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To read comments to this article, go here
Two of SCO's 90-Day Reports to the Autozone Judge
Friday, April 28 2006 @ 05:54 AM EDT

SCO's most recent progress report [PDF] to the Autozone judge is on Pacer now, covering the time since their January 17th letter [PDF], both of which we now have as text, thanks to Steve Martin. During that time period between the two letters, we had the entertainment about the subpoenas sent to Intel, Oracle and The Open Group in SCO v. IBM, but SCO doesn't even mention their motion asking to depose the three, which means they gloss over their rebuke at the hands of the magistrate judge in her order and at the February 24, 2006 hearing.

You'd think they'd at least have a one liner, like, "We filed a motion and we lost." Gloss over? Did I say gloss over the rebuke? They don't even mention the motion, let alone the rebuke.

And thus, the Intel shenanigans have disappeared from SCO's history. Poof. No bad news for you, Judge Jones. I'm thinking maybe they didn't want to mention it, because if they told about that, they'd have to mention that Intel filed a document with the court, Nonparty Intel's Response to SCO's Motion For Leave to Take Certain Prospective Depositions, that said SCO's motion said things that were "untrue" and "unfair." And that might mean something to the Judge in AutoZone. It certainly ought to. AutoZone has already informed this judge about what it described as "material misrepresentations" by SCO in the AutoZone case. [Cf. AutoZone's Response to SCO's Discovery Report and AutoZone's Exhibit A: Additional Missatements]

Well. Maybe AutoZone's letter when it is filed will fill in the blanks. And there's always Groklaw. Please feel free to click on the links to find out what really happened at that hearing.

SCO's earlier letter to the same judge back in January purports to describe what happened at the December 20th hearing in SCO v IBM:

On December 20, 2005, after the parties had re-briefed SCO's Motion to Compel of December 23, 2004, the Court found that SCO had correctly read past Court orders and directed IBM to produce Linux-related materials from the files of two additional IBM senior executives. On the same date, the Court granted IBM's motion to compel SCO to produce attorney-client privileged documents of SCO's predecessors-in-interest.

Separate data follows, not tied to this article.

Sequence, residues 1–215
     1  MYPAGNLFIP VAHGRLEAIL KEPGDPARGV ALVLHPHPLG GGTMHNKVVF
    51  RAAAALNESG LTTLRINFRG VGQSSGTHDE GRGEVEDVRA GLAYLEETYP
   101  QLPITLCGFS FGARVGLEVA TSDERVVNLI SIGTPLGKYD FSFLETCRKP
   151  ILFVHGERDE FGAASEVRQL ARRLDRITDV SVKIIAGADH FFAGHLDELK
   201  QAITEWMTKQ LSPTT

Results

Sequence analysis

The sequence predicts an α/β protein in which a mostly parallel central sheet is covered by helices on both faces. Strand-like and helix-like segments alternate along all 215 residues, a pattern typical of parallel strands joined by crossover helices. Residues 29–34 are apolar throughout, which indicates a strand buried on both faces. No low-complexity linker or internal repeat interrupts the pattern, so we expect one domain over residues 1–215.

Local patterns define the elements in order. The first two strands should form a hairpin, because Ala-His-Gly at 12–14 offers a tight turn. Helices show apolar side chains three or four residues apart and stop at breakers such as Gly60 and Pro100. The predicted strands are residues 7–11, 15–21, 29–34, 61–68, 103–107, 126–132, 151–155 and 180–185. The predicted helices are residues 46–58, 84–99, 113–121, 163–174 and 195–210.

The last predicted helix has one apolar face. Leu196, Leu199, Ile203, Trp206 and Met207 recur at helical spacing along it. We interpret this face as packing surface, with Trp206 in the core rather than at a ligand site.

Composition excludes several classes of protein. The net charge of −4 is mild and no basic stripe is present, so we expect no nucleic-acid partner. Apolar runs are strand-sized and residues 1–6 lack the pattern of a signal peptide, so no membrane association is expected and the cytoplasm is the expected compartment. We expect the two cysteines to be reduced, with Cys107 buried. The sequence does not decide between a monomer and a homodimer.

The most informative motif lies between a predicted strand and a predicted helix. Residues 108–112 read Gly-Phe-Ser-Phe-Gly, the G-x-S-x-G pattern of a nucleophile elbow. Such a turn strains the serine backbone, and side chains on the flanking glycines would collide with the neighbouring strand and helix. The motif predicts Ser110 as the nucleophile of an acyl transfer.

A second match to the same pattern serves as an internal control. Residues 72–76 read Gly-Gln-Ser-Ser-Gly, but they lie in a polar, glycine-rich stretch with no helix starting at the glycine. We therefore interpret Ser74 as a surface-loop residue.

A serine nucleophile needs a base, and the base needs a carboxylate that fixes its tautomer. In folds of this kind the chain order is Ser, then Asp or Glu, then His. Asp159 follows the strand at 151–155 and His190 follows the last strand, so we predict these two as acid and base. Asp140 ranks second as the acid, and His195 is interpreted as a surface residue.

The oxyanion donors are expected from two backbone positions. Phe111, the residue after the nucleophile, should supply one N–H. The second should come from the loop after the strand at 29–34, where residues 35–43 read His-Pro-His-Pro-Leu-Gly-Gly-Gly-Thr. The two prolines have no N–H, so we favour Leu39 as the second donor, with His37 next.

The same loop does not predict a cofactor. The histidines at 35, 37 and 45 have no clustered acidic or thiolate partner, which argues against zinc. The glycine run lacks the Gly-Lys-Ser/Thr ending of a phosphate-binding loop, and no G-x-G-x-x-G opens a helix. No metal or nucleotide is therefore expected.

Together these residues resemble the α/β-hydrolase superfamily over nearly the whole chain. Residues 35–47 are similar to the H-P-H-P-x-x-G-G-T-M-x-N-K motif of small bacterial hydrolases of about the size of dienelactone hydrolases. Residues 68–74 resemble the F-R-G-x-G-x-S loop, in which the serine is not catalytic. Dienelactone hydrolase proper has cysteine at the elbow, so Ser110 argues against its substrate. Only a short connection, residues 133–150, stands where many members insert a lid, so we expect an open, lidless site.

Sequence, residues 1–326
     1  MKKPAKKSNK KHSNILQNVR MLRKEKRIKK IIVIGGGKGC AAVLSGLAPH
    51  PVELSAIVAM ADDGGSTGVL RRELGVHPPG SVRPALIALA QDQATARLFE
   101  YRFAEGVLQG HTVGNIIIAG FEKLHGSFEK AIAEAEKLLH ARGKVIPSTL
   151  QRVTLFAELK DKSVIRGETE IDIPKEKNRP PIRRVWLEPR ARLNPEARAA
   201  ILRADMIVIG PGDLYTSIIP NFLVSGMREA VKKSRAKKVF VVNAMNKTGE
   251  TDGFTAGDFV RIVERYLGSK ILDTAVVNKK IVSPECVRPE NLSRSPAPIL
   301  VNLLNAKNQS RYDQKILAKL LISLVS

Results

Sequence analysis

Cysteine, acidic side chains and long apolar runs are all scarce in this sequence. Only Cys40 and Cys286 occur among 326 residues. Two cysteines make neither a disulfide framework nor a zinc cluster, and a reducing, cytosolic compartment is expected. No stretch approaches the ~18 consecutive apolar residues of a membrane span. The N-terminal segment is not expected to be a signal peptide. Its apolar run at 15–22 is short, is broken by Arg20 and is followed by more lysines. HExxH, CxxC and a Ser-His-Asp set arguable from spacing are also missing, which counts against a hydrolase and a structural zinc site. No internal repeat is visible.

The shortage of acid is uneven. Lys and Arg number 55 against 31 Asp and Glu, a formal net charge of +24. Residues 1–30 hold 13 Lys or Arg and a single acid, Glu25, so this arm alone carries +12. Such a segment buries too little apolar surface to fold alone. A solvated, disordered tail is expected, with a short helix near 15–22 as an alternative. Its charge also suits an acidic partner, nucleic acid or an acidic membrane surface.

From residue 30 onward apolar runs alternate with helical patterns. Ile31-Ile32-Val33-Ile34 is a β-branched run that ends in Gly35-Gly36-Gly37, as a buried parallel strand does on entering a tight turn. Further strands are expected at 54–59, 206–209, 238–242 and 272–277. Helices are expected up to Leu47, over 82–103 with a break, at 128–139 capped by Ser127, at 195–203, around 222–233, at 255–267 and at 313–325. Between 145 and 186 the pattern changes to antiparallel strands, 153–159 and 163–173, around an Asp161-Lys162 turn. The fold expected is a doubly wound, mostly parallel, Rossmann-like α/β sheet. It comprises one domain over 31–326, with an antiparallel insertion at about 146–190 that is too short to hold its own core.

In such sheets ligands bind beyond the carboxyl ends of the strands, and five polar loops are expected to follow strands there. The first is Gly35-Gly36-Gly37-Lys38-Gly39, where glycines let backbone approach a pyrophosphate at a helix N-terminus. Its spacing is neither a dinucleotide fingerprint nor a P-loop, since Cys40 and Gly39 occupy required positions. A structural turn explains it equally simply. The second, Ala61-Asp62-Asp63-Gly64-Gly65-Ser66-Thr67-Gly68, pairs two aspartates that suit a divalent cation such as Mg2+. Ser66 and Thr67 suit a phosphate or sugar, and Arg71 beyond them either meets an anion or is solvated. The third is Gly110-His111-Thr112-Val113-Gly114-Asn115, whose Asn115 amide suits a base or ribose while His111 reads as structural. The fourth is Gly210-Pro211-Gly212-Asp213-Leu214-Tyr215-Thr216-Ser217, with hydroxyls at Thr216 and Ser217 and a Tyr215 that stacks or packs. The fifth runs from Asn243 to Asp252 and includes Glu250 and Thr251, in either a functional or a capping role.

Well, not exactly. Here's what she actually said that day at the hearing in her ruling on SCO's motion and here's the Order:

With regard to SCO's New Renewed Motion Compel, Docket No. 537, the Court finds as follows:

1. IBM has acted in good faith in terms of its reasonable search for documents as they relate to Mr. Palmisano and Mr. Wladawsky-Berger; and
2. The Court's March 3, 2004, Order Regarding SCO's Motion to Compel Discovery and IBM's Motion to Compel Discovery should have explicitly indicated that IBM undertake a reasonable search for responsive documents from the files of Paul Horn and Nick Bowen;
3. Accordingly, SCO's motion is granted in part and denied in part, as follows:

IT IS HEREBY ORDERED that IBM provide declarations from Paul Horn and Nick Bowen regarding the nature of the search that has been conducted with respect to the documents in their files, and that such declarations be filed no later than January 6, 2006;

IT IS FURTHER ORDERED that SCO may take the depositions of Messrs. Horn and Bowen on this topic, and such depositions shall not count against the 50 depositions SCO is permitted under the Court's prior orders; and

IT IS FURTHER ORDERED that except as set forth above, SCO's New Renewed Motion to Compel is DENIED

Do you see IBM being ordered to produce further Linux materials from two executives? No, you don't, only declarations. If you read the transcript of the hearing, you'll discover why: IBM had already turned over all the materials they had, so there was nothing for the court to order turned over. Instead she asked for declarations that they had already turned over everything they had. There is quite a difference: